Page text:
The RAISE Discretionary Grant program continues to fund planning and capital investments to upgrade American infrastructure such as roads, bridges, transit, rail, ports, or intermodal transportation. Since 2009, DOTs, transit agencies, and several other public agencies have received millions of dollars from these grants (previously BUILD and TIGER).
While these grants are competitive, we’ve seen that using Big Data adds a unique level of measurable detail that offers advantages for both urban and rural areas. And these takeaways can apply to any grant application.
The 7 Best Data Sets for Grants
Over the last few years, we’ve helped more and more agencies use our data to apply for similar grants. What works? Overall we see seven key metrics bolstering most types of grant applications:
1. Traffic counts
These building blocks measure levels of traffic for any road, from busy urban highways to neighborhood streets, to rural roads where traditional counts aren’t current or even available at all. Bonus: they can be used to analyze Vehicle Miles Traveled to evaluate air quality benefits of a project.
Using Big Data to determine speed can help grant applicants identify the intensity of congestion on roadway networks. This data can also be used to measure the benefits of proposed congestion reduction strategies, quantify travel time savings, and in turn, establish a baseline for calculating economic benefit.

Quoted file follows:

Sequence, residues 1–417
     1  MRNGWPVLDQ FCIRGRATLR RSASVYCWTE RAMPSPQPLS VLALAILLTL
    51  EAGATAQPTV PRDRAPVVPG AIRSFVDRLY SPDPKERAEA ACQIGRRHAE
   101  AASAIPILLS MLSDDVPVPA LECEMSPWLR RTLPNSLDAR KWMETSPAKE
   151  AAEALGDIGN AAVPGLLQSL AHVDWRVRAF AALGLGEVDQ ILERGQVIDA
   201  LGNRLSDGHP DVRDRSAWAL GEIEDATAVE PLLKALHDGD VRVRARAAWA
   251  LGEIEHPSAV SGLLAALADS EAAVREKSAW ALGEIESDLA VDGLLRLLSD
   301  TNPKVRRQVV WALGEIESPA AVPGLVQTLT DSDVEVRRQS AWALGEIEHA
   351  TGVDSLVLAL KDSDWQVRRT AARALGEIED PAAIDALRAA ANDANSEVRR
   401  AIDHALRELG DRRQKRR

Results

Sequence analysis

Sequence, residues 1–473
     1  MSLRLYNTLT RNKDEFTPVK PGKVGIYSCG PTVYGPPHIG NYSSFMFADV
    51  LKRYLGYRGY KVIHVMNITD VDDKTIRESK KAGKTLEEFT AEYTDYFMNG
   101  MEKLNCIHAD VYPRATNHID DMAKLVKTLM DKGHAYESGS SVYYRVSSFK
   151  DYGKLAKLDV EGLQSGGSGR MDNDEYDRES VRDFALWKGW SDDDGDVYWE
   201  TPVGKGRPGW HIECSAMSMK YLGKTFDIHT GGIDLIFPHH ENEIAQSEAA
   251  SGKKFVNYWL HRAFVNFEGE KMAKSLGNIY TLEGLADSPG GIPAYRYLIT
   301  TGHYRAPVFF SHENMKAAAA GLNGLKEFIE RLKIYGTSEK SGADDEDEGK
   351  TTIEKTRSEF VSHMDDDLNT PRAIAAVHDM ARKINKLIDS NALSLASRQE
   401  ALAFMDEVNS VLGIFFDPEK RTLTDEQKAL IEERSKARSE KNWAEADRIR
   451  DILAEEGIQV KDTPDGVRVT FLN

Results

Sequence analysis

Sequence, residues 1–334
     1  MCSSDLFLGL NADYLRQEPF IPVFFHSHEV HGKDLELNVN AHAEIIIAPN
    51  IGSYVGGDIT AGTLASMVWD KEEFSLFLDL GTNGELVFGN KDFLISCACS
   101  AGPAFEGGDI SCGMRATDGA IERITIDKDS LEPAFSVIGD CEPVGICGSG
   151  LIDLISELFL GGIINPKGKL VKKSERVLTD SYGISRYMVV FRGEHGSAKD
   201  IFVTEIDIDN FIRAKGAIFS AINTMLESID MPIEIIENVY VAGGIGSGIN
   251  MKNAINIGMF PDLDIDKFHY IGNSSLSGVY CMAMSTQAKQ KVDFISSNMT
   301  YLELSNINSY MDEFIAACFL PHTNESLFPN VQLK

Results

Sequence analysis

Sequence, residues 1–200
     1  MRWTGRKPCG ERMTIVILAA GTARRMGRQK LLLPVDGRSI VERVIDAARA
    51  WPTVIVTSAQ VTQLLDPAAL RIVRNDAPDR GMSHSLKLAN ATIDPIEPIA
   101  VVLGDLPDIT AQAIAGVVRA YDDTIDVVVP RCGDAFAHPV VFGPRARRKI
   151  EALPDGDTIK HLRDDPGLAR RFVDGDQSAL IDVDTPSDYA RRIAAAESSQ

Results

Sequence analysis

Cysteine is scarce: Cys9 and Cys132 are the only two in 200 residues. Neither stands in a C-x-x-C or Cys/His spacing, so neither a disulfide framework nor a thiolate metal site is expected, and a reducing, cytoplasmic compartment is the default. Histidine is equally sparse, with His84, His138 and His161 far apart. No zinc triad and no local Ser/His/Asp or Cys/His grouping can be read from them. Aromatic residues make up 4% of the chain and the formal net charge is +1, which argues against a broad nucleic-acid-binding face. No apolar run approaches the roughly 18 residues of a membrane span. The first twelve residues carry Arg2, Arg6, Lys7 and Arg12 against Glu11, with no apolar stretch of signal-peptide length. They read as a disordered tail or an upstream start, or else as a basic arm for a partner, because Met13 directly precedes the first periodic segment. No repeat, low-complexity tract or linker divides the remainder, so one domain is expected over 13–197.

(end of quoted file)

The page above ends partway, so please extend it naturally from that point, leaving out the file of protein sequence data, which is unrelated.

3. Freight travel patterns
Big Data offers the ability to segment commercial trucks from personal vehicles, and analyze Origin-Destination (O-D) pairs, travel times, parking data, and more.
4. Bike and pedestrian travel patterns
Demonstrate projected health benefits by identifying hot spots where vehicle trips can be converted to non-motorized modes.
5. Top routes
When you know the most common O-Ds for trips crossing a bridge, you can assess the travel market, predict the benefits of improving that piece of infrastructure, and show why that project should be prioritized.
6. Before-and-after studies
Since we can’t predict the future, determining the benefits of a proposed project can be challenging. Using Big Data for before-and-after studies of similar projects in other regions can help.
7. Demographic and visitor information
Learn more about who’s visiting your destination to contextualize analyses of economic benefits due to tourism. Demographic data can also inform goals relating to equitable distribution of projects.
Big Data in Action: Butler, Pennsylvania
A great example of these metrics in action is in Butler County, Pennsylvania. They applied for the $100M INFRA grant from the U.S. Department of Transportation. Kelly Maurer, Operations Engineer for Cranberry Township, coordinated with Whitman, Requardt and Associates on traffic data for the application.
Within StreetLight InSight, WRA ran analyses looking at current traffic volume, segment speed, segment delays, congestion and O-D analysis. “The best part was we were able to get the results within a day, including the figures,” Maurer said. “It saved us time, and obtaining the origin and destination information was invaluable to show the regional benefit of this grant.”
We hope this gives you some ideas as you prepare to apply for (and win!) any grant application. If you have any questions, please feel free to contact our team.